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African govts using a similar COVID-19 containment rule book

African govts using a similar COVID-19 containment rule book


Several measures have been taken by different governments to contain the spread of coronavirus, which has been confirmed in 49 African countries as of April 1.

Some of these measures have included strict enforcement of hygienic practices like hand washing, travel restrictions and economic relief programmes.

While each African nation arguably has different realities and contexts, in the face of a common enemy, leaders have taken to adopting measures announced by their counterparts.

In this article, we look at some of the measures that have become generally accepted practices in the fight against coronavirus across the continent.


Lockdowns have become the latest tool employed by governments to prevent the spread of the coronavirus. Rwanda became the first country on the continent to implement a national lockdown, and was quickly followed by South Africa – Africa’s most impacted country, Botswana, Zimbabwe and Uganda.

Over Ghana, Nigeria and Namibia, governments have imposed partial lockdowns. Ghana’s Greater Accra and Ashanti regions were affected whiles Lagos, Ogun states and Abuja were listed in Nigeria. Namibia has locked down two provinces according reports.

The conditions of lockdowns include suspension of most business operations, movement of vehicles, and strict curfews, which are enforced by security agencies.

Economic relief

The coronavirus pandemic has devastated several businesses and sectors of African economies, and some governments have announced measures to cushion their citizens’ losses.

These measures also include humanitarian relief in the form of food and basic amenities for the most vulnerable people and sections of society.

Nigeria and Zimbabwe announced cash-transfer programmes for 10 million individuals and 1 million households respectively. Uganda and Rwanda on the other hand plan to distribute food and other emergency rations to their people during the enforced lockdowns.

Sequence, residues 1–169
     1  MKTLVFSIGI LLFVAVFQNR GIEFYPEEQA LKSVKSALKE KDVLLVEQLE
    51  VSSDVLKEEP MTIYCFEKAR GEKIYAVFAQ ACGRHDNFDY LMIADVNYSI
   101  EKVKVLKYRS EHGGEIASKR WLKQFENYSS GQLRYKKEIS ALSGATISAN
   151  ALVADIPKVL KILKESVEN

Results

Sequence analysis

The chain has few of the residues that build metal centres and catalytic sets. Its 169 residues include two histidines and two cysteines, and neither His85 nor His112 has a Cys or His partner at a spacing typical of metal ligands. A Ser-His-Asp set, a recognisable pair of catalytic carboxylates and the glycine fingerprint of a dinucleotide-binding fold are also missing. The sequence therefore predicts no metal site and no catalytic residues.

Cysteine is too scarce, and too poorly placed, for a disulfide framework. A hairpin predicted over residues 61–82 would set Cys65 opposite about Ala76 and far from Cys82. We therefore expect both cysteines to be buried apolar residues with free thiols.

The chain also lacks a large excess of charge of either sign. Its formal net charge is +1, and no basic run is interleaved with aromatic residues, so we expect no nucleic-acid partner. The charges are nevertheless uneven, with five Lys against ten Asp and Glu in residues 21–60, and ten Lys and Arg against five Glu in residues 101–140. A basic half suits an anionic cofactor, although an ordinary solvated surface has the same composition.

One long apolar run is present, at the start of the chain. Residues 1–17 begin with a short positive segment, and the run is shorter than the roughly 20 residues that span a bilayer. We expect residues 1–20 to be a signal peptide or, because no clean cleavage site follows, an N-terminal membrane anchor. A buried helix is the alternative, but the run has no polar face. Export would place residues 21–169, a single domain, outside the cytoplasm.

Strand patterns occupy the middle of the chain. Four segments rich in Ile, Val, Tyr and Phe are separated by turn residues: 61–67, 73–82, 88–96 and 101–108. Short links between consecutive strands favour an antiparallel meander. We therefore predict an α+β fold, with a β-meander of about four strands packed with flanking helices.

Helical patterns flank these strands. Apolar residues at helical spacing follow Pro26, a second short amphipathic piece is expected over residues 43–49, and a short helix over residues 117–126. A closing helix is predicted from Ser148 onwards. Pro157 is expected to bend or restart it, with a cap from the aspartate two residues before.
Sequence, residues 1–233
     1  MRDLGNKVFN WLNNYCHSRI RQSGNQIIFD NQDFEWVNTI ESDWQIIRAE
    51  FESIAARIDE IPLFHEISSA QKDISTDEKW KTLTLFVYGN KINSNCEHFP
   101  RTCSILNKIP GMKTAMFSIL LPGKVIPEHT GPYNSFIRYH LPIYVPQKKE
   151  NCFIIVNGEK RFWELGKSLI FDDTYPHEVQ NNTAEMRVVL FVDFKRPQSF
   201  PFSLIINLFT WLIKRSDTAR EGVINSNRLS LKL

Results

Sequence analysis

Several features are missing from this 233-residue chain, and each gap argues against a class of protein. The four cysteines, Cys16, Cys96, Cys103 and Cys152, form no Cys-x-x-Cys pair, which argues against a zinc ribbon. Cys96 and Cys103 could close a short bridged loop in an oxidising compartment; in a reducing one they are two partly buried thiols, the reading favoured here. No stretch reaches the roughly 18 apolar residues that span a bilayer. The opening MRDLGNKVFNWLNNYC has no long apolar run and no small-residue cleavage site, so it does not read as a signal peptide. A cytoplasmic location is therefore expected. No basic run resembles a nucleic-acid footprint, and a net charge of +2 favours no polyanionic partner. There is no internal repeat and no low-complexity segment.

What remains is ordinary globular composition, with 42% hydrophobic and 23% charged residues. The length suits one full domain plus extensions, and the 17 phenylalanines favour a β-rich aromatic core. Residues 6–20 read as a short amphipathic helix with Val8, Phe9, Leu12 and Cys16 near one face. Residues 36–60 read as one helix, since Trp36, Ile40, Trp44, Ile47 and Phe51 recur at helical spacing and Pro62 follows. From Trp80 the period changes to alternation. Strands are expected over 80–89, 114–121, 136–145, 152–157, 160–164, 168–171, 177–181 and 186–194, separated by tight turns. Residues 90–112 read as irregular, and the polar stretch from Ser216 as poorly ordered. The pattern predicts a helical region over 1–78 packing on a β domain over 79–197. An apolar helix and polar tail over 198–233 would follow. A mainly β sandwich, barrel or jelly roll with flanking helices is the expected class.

Kenya’s president last week announced a raft of economic relief measures that included reductions in taxes and interest rates on loans. Eritrea’s government postponed utility bills and banned companies from laying off employees in the wake of the coronavirus.

Travel bans

While the World Health Organisation (WHO) discouraged travel restrictions in the early stages of the coronavirus pandemic, this position has since been disregarded by African countries that have resorted to closing their borders.

The coronavirus is seen as an imported disease, and consequently the closure of land, sea and air borders is considered an effective measure of preventing the introduction of new cases.

Cameroon, Republic of Congo, South Africa, Kenya and Uganda are some of the countries that have banned international flights for limited periods.

Other countries like Morocco, Senegal and Ivory Coast have imposed restrictive measures against travelers from high-risk countries. These are countries that have recorded the highest number of coronavirus cases.

Before the travel bans, some countries had taken on mandatory quarantine measures. These were mostly implemented as self-quarantine for travelers from low-risk areas and institutional quarantine for travelers from China, United States, France, Germany, Spain, Iran and the United Kingdom.

Nearly all African heads of state have delivered live televised addresses to their countries, using the occasion to announce government efforts to curb coronavirus.